Will it be successful? Don't know. Courts have been reluctant to get involved in what they deem to be internal workings of the legislative branch. However, by tying this request for an injunction to a constitutional duty (not a constitutional option) by the Senate, Merkley's filing may have a leg to stand on.

But this is called fighting back with everything we've got on a playing field heavily tilted against us.

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Response to hlthe2b (Original post)

Wed Sep 26, 2018, 01:54 PM

22. Separation of powers.

The Court may actually dismiss this sua sponte, without waiting for a defense motion.

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Response to rsdsharp (Reply #22)

Wed Sep 26, 2018, 01:55 PM

25. I'll be terrified if they don't

I think this is a terrible idea

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Response to hlthe2b (Original post)

Wed Sep 26, 2018, 01:54 PM

23. Recommended.

I've been wondering when this would happen! I like the timing.

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Response to hlthe2b (Original post)

Wed Sep 26, 2018, 01:55 PM

24. This is a terrible idea

The worst possible outcome is the court taking this seriously

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Response to hlthe2b (Original post)

Wed Sep 26, 2018, 01:56 PM

26. I get why he did it, but even he knows it won't go anywhere

This falls squarely within the realm of cases the courts generally won't touch.

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Response to hlthe2b (Original post)

Wed Sep 26, 2018, 02:07 PM

33. message to VOTERS

Thank you Sen. Merkley!

This should make the press get the word out to voters -and- get some voters talking around the coffee pot to inspire some others to become voters.

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Response to hlthe2b (Original post)

Wed Sep 26, 2018, 02:08 PM

35. That injunction is unlikely to be granted, since the Senate

controls its own rules, based on Constitutional language. I don't see any judge issuing an injunction over this, due to that.

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Response to MineralMan (Reply #35)

Wed Sep 26, 2018, 02:14 PM

39. And courts interpret the Constitution.

This case is as legit as Bush v. Gore. It was Bush v. Gore that started this.

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Response to SunSeeker (Reply #39)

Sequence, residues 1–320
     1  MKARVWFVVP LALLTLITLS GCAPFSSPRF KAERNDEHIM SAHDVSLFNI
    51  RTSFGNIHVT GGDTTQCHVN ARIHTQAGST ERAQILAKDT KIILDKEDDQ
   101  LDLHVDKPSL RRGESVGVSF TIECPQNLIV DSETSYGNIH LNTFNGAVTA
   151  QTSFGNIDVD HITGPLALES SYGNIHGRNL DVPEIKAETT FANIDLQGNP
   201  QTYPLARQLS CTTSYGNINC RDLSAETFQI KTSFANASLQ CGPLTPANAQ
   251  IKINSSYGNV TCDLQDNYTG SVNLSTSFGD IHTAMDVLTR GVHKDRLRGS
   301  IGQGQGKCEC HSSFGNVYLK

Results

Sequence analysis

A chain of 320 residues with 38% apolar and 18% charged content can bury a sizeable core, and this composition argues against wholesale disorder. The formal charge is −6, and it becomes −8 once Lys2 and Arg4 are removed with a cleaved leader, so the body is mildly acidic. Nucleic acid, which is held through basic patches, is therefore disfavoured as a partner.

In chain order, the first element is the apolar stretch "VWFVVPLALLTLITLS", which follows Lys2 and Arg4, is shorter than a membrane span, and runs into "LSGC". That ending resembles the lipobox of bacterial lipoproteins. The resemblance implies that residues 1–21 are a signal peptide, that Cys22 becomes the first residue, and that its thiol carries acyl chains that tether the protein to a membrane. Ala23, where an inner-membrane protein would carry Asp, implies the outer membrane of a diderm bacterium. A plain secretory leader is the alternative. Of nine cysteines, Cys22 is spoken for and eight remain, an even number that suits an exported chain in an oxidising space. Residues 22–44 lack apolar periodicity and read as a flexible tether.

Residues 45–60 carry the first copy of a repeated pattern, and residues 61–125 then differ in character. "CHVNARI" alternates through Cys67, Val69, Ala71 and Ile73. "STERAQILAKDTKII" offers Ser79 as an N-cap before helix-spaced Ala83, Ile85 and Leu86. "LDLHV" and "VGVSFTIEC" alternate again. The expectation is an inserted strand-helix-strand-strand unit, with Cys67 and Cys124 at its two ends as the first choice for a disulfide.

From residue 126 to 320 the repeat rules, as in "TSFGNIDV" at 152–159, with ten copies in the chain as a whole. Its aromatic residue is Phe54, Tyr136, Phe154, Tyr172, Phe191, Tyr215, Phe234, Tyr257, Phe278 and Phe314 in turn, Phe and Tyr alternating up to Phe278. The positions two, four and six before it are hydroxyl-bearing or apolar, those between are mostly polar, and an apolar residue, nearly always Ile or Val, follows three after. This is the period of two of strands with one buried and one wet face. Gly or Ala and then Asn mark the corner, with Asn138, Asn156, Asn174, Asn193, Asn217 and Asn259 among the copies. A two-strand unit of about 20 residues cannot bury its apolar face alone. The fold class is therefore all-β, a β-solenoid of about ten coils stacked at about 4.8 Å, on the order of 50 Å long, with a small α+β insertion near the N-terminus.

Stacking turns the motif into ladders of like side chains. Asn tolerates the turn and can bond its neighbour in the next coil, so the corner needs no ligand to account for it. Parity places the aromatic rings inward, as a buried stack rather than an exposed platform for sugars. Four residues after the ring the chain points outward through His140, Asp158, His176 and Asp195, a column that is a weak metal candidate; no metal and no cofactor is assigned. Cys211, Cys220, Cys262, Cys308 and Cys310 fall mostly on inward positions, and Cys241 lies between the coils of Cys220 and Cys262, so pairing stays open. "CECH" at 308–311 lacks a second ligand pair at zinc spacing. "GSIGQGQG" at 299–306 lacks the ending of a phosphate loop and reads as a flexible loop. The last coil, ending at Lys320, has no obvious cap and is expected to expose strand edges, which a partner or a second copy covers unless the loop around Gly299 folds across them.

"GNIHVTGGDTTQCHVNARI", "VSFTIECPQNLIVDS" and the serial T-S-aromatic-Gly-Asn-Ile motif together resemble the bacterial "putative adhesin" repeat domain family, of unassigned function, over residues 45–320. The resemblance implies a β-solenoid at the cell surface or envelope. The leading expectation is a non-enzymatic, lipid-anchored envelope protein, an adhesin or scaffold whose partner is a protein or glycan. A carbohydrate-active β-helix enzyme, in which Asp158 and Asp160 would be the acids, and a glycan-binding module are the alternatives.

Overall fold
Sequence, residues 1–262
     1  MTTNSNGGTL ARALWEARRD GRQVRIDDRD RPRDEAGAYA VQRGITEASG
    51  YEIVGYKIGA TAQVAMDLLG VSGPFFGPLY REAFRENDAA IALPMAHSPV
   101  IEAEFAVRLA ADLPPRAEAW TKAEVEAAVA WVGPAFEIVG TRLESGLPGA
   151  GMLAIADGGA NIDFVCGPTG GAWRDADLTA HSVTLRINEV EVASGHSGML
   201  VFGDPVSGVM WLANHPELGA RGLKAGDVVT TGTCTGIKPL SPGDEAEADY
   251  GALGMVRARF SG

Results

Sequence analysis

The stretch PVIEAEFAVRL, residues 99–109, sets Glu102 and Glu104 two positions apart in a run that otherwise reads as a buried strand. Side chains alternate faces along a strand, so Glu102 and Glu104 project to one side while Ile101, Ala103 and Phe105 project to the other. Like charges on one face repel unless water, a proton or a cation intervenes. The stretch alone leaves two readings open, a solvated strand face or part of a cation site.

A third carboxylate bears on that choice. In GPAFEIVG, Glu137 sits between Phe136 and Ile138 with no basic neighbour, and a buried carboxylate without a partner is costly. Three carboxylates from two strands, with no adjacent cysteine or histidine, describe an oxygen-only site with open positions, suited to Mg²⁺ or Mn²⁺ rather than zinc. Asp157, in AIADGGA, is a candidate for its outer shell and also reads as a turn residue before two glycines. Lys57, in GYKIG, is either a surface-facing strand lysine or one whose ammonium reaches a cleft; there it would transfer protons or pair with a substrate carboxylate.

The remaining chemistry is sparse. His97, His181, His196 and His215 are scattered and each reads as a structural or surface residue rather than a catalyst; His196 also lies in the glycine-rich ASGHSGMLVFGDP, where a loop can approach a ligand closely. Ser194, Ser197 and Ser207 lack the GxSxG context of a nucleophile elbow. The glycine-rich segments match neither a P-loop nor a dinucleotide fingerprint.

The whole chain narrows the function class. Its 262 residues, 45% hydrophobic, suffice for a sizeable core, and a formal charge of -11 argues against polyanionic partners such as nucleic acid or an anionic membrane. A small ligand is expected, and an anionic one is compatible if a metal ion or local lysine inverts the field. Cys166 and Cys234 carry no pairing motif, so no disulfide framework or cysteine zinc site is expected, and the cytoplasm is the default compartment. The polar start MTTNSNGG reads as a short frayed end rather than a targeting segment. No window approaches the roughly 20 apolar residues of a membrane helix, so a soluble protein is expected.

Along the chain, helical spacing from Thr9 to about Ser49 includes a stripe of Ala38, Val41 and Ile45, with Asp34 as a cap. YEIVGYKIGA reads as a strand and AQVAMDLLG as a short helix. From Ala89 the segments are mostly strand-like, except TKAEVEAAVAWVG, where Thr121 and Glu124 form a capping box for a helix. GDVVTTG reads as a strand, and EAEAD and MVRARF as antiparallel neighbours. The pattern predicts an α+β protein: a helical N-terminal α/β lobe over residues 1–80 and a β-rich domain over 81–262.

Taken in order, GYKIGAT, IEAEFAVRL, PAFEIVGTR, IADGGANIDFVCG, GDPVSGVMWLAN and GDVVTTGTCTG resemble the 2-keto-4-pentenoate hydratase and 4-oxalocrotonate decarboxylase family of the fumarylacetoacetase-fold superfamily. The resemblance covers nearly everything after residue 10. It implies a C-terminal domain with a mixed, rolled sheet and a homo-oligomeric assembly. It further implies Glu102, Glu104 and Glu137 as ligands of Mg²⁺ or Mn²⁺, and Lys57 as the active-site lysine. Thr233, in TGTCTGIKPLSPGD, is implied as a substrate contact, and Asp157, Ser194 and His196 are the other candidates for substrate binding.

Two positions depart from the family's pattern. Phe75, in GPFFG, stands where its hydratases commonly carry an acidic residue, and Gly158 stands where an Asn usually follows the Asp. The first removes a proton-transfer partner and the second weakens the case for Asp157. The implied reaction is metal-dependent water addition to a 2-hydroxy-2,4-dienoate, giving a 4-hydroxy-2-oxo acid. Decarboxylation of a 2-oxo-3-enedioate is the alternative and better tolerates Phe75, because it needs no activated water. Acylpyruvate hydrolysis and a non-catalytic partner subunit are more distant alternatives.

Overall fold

Wed Sep 26, 2018, 02:18 PM

42. Yes, they're supposed to.

However, if you read the language regarding the Senate in the Constitution, you'll find that it sets its own rules, which is in that language.

The Constitution is a relatively simple document. The judiciary department is also described in it, along with its duties.

There are three branches of federal government, all supposedly equal in power. However, each works differently, as described in the Constitution. A federal judge is not about to try to change the language and meaning of that language in the description of a different branch of government.

You are incorrect in your evaluation. An injunction in this particular situation is very unlikely, and would probably be overturned by the next level of the court very quickly.

Separation of powers.

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Response to MineralMan (Reply #42)

Wed Sep 26, 2018, 02:29 PM

45. Tell that to the Bush v. Gore Court.

They had no problem with Separation of Powers. They certainly should have, but they didn't.


Just as the Court can interpret the Constitution, they can interpret the rules set forth in the Constitution for the Senate and decide if the Senate is following them.

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Response to SunSeeker (Reply #45)

Wed Sep 26, 2018, 02:58 PM

59. You really want the Bush v. Gore decision to have application here but it just doesn't.

What "rules" do you think are "set forth in the Constitution for the Senate"? Answer: There are none. The fact is that the Constitution doesn't set the procedural rules for Congress. It is left up to the House and Senate to set their own rules and the Constitution gives the courts no jurisdiction over that. I don't think you understand what Separation of Powers actually is and refers to.

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Response to WillowTree (Reply #59)

Wed Sep 26, 2018, 05:32 PM

80. No, what I really want is for Bush v. Gore to be overturned.

Have you read the filing and determined what the violation is that is being alleged?

Merkley's bid for an injunction hinges on the Senate's constitutional duty to provide advice and consent on nominees and charges that he's been prevented from fulfilling that due to the withholding of records on Kavanaugh's past service in the George W. Bush administration.

https://www.politico.com/amp/story/2018/09/26/merkley-injunction-stop-kavanaugh-vote-843080?__twitter_impression=true